Before this massacre, wider persecution of the East Timorese had flowed from attempts to quash resistance to the Indonesian invasion of East Timor, which took place on 7 December 1975.(6) There had been on-going civil war between resistance fighters and the Indonesian military over the territory. Between 1975 and 1978 alone around 20 000 Fretilin independence fighters and 16 000 Indonesian soldiers were killed.(7) Incalculable levels of terror, killing and violence persisted throughout their long struggle for independence, with some sources claiming that as many as a third of the East Timorese population were killed while under Indonesian rule.(8)

This was the context of persecution from which those East Timorese who fled in the early to mid 1990s sought asylum in Australia. Australia initially condemned the invasion and supported the UN resolution condemning Indonesia, but in 1979 the Australian Government extended de jure recognition to the Indonesian incorporation of East Timor. Indonesian actions in the territory continued to be criticised by many Australian political figures.(9) The then Timorese independence leader and now Foreign Minister of East Timor, Jose Ramos-Horta, claimed that Australia's de jure recognition of Indonesia's incorporation of East Timor was given in exchange for Indonesia's concessions on the Timor Sea boundary dispute.(10) Diplomacy between Australia and Indonesia over the Dili massacre at the time, in the words of Senator Gareth Evans, the then Minister for Foreign Affairs and Trade, had 'obviously been a very delicate and difficult situation to handle'.(11)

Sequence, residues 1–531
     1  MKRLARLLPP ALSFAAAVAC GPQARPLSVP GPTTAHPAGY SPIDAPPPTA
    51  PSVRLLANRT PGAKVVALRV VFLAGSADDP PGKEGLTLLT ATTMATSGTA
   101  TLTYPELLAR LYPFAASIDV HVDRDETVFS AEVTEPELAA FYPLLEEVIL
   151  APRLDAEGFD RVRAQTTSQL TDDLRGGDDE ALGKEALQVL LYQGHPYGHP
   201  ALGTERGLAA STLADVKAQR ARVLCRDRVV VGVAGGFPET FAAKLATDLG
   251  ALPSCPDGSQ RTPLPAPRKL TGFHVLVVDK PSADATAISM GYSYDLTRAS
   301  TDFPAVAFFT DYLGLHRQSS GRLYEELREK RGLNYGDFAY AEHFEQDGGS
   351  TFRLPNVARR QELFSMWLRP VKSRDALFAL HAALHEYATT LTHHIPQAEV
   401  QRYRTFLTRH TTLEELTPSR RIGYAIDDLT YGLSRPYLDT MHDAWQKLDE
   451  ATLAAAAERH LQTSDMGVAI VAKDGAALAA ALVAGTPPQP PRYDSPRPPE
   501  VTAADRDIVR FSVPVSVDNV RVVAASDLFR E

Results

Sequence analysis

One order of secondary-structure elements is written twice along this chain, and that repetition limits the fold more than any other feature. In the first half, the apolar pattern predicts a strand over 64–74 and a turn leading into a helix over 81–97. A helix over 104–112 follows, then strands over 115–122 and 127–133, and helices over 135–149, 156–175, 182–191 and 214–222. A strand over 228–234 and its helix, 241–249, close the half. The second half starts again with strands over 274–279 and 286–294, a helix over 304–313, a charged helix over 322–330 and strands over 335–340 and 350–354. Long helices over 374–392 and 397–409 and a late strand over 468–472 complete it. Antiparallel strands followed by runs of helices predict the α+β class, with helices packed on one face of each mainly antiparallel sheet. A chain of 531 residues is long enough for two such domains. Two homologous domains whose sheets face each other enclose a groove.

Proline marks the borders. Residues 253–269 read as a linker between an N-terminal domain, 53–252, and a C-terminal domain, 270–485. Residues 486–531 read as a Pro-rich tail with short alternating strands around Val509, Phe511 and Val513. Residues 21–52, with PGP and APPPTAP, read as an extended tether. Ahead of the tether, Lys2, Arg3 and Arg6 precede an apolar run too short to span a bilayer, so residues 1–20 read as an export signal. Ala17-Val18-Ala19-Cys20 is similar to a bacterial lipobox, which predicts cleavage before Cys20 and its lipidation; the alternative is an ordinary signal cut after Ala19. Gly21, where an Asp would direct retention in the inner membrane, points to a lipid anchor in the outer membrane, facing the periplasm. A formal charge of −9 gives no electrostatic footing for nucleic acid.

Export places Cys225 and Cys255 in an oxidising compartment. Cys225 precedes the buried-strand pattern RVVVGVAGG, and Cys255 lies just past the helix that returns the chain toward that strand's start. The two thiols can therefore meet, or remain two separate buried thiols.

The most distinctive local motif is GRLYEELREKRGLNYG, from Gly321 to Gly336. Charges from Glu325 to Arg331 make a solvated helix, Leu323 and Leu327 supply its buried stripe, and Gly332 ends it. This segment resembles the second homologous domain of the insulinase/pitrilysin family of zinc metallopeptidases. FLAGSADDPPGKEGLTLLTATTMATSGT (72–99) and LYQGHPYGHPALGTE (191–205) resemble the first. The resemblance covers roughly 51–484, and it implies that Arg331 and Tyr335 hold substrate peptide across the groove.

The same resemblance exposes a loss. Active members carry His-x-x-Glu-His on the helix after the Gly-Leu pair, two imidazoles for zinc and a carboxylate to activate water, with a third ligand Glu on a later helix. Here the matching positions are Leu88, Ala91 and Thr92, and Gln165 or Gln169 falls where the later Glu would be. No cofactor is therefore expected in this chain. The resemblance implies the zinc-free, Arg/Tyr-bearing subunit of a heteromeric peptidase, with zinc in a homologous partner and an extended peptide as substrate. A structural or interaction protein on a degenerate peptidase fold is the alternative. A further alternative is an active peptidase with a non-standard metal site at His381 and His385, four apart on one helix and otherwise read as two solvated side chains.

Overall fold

The plight of the East Timorese asylum seekers who arrived in Australia in the early 1990s has been wedged between the delicate and difficult politics of Australia-Indonesia relations. The East Timorese posed a major dilemma for successive governments attempting to build sound relations with the Suharto regime (and its successors), on the one hand, while abiding by its international obligations toward refugees on the other. Australia attempted to resolve the problem by arguing that Portugal should provide sanctuary for the asylum seekers on the grounds that Portuguese law provided the right of citizenship for East Timorese. This would be a diplomatic solution that would not threaten the relationship with Indonesia regarded as critical to Australian security.